Home Health Microbes Parasites Ectoparasites


Ectoparasites live outside on the human body.
Endoparasites live inside the human body, eg., amoebas, worms, or flukes.

The following are some common Ectoparasites.

Common bedbugs (Cimex lectularius)
Are flattened, oval, reddish brown insects that inhabits houses, furniture, and neglected beds. They feed on man, usually at night, causing itchy bites.

Human fleas (Pulex irritans)
Are small, wingless, bloodsucking insects that act as vectors for the spread of such diseases as plague, tularemia, and brucellosis.

Are any of the annelids from the class Hirudinea, especially Hirudo medicinalis. Some species are bloodsuckers and were once used to draw blood out of those who were ill.

Lice (singular louse)
Are grayish, wingless, and somewhat flattened parasetic insects that belong to the suborder Anoplura. They are usually found in crowded areas with poor sanitation and hygiene. Infestations are called pediculosis. Lice live on the blood of a host, obtained by piercing the skin and sucking the blood through their mouth parts. The area bitten becomes itchy and inflammed, and often infected from scratching. They are often vectors transmitting such diseases as typhus. Those parasitic to humans are:
  1. Human body louse (Pediculus humanus corporis) lives on the body and clothes of man.
  2. Head louse (Pediculus humanus capitis) attaches itself to the hairs of the head, and are noted for causing endemic outbreaks in school children.
  3. Pubic or crab louse (Phthirus pubis) is often sexually transmitted. It resembles a miniature crab, and causes intense itching in the pubic area, but it can also infect the eyebrows, eyelashes, and beards.

Are arthropods belonging to the order Acarina. They differ from ticks in that they are minute and usually either transparent or semitransparent. They are sometimes called chiggers. Mites often burrow into the skin, causing intense itching resulting in inflammed areas of the skin. Mites live under four days outside the body. Some of the common ones that affect man include:
  1. Dust mites (Dermatophagoides farinae and D. Pteronyssinus) are, as the name implies, found in all manner of dust, indoors and out.
  2. Face mites and follicle mites (Demodex brevis and D. Folliculorum) are also, as the name implies, found as a normal part of the face. Obviously, they are microscopic.
  3. Chiggers (Eutrombicula alfreddug├Ęsi, E. splendens, Trombicula autumnalis, etc.) are six-legged red larvae of the mite family Trombiculidae, also known as the harvest mite or the red bug. Chiggers attach to the skin of a host and bite, causing a wheal of intense itching and severe dermatitis. Some species are vectors of the rickettsiae that causes scrub typhus.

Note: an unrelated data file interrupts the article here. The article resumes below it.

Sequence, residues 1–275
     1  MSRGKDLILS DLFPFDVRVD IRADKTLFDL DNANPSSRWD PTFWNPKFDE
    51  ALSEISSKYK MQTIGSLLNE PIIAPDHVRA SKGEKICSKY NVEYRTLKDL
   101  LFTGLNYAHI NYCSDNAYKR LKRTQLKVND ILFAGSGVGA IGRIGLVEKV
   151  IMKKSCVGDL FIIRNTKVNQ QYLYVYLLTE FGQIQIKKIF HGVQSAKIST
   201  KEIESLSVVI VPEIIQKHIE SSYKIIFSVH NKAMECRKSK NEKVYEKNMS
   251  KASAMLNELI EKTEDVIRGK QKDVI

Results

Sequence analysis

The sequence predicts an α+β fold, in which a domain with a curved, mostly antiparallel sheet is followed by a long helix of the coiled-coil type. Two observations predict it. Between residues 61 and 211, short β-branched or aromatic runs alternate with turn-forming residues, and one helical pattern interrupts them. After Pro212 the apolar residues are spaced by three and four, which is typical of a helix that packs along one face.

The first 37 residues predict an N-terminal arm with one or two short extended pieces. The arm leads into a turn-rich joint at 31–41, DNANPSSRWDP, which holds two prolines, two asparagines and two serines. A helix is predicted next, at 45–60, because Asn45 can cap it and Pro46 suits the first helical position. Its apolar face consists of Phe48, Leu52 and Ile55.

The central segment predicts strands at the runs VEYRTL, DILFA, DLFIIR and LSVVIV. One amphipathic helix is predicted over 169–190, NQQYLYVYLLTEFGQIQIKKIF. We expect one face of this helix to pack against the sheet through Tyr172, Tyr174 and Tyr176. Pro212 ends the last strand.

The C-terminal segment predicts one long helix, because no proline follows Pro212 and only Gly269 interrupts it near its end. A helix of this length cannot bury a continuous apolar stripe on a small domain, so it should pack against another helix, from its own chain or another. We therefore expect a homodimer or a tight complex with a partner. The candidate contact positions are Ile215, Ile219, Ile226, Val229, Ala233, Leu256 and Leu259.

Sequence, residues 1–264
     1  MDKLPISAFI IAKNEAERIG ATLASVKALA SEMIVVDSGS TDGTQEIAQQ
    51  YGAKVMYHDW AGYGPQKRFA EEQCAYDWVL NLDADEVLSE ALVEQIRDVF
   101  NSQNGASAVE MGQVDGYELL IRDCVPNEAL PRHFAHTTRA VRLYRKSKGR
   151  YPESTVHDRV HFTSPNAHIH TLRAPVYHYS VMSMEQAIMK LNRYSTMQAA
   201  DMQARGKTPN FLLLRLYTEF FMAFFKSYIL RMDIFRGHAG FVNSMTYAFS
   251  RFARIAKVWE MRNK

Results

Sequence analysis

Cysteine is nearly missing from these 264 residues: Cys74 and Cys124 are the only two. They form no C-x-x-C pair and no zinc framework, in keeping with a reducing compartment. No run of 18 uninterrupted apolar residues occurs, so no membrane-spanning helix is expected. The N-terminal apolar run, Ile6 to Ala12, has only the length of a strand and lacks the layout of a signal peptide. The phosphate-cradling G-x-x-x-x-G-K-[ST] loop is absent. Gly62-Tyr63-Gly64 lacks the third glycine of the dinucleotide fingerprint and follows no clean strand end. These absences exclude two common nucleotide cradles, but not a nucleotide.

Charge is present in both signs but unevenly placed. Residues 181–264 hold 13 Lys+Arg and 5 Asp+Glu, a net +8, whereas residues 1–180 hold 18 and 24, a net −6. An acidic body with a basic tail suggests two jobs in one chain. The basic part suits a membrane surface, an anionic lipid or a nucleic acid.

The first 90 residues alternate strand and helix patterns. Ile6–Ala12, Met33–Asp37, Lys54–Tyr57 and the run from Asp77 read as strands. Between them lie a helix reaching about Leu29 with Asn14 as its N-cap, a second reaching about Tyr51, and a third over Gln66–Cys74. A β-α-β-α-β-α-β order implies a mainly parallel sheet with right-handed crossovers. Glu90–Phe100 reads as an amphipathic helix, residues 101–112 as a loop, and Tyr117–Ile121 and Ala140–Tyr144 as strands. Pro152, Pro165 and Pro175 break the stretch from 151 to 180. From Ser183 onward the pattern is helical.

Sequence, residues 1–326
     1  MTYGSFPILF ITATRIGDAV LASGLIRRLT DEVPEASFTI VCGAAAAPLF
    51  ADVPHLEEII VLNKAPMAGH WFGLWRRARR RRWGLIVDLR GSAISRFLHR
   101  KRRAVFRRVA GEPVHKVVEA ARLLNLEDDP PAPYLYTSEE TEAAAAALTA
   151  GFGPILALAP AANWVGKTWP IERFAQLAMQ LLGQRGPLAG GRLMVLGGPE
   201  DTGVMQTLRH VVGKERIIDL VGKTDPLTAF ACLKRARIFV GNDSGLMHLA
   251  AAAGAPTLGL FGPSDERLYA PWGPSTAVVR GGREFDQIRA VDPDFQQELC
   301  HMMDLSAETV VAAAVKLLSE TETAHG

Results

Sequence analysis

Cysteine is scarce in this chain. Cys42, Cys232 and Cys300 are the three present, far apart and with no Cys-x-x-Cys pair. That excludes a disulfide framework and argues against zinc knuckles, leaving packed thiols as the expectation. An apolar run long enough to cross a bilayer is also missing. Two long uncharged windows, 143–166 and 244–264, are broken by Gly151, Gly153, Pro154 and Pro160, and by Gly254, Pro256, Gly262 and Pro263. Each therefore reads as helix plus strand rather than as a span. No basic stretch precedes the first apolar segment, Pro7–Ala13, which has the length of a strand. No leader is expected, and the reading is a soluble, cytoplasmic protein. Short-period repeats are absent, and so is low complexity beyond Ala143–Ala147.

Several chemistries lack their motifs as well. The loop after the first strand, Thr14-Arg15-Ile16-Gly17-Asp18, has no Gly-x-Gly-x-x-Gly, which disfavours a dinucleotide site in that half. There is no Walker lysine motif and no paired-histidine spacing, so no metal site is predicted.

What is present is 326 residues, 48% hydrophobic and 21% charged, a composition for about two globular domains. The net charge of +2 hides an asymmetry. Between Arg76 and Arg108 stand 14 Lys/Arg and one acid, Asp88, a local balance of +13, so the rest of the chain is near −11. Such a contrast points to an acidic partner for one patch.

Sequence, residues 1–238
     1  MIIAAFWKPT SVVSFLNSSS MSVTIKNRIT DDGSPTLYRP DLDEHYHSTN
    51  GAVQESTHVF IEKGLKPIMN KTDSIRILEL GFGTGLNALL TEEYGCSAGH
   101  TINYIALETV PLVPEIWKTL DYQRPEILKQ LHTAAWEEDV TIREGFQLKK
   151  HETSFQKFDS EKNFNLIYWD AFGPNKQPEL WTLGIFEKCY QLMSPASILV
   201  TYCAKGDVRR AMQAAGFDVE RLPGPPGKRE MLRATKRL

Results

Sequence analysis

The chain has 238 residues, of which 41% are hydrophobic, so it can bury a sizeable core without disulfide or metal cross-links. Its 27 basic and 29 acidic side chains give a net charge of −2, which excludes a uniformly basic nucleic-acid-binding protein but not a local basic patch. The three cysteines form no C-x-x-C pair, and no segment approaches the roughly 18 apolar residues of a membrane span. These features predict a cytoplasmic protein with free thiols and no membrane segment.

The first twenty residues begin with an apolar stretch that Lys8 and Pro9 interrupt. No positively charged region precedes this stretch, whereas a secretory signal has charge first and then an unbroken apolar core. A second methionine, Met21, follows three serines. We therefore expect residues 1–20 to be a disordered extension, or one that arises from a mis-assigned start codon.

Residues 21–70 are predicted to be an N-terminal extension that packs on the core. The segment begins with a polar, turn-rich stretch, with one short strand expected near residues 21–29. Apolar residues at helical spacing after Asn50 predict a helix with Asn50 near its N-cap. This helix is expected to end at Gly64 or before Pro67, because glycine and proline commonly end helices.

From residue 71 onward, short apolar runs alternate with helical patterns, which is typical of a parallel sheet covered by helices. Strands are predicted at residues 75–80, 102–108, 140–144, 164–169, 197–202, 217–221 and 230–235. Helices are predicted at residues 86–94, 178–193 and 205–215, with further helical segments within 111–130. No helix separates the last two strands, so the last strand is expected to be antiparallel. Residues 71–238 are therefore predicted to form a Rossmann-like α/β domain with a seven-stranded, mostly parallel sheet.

4. Itch mites (Sarcoptes scabiei) cause the condition known as scabies. This mite lays its eggs in tunnels in the skin, where it takes about two weeks for them to hatch. Symptoms include intense itching, especially at night, with a rash, particularly on the hands, and arms, armpits, and genitalia. This infection often goes unnoticed in severely retarded or senile people, who are not able to scratch. Norweigan scabies is a rare, but a more severe, form. It is common for an adult infested with scabies to have only about elevven adult mites on his body, but a person with Norweigan scabies can be infested with two million. The skin becomes covered with thick crusts, but the itching is milder than the other form. Those with deficient immune systems or senility often fall victim to this form, but the same mite is responsible for both, which are acquired through close prolonged contact with an infected person. The standard treatment is with a topical chlorinated hydrocarbon insecticide called “lindane,” a benzene hexachloride. This can be toxic to the blood and nervous system and should not be used on children or pregnant women or those with a history of seizure disorders. Plus, there is evidence that scabies are now becoming resistant to this treatment. Another drug used orally is “ivermectin,” which has been linked to an increased number of deaths in nursing home patients. Less toxic treatments include the antiparasitic drugs permethrin, crotamiton, sulfur, and benzyl benzoate. Systemic antibiotics are often used to treat or prevent secondary infections that sometimes come from scratching. Since scabies is not a life-threatening disease, alternative methods of treatment should be considered first. Historic treatments include buckbean or bogbean (Menyanthes trifoliata), pansy (Viola tricolor), and pine (Pinus palustris). An extract of aniseed (Pimpinella anisum) applied to the skin has also been used. A strong herbal tea for washing the skin is suggested, as well as using several available essential oils. Diluting the suggested oil in a carrier oil and applying to the skin is also an effective method. A knowledgeable person in this area can give more advice. Improvements are seen only after several applications. However, it is much healthier to take the time now, than pay later. By using the oils, mites will suffocate, and the oils will heal the areas they have invaded. The old standby, garlic in the oil form, can also be used. Other suggested oils include the following: tea tree oil (Melaleuca alternifolia), clove oil (Eugenia caryophyllata), Patchouli essential oil (Pogostemon cablin), lavender (Lavandula angustifolia), lemon (Citrus limonum), Rosemary (Rosmarinus officinalis), Orange flower (Citrus aurantium), Cinnamon (Cinnamomum zeylanicum), Mustard (Sinapis spp), and Thyme (Thymus vulgaris).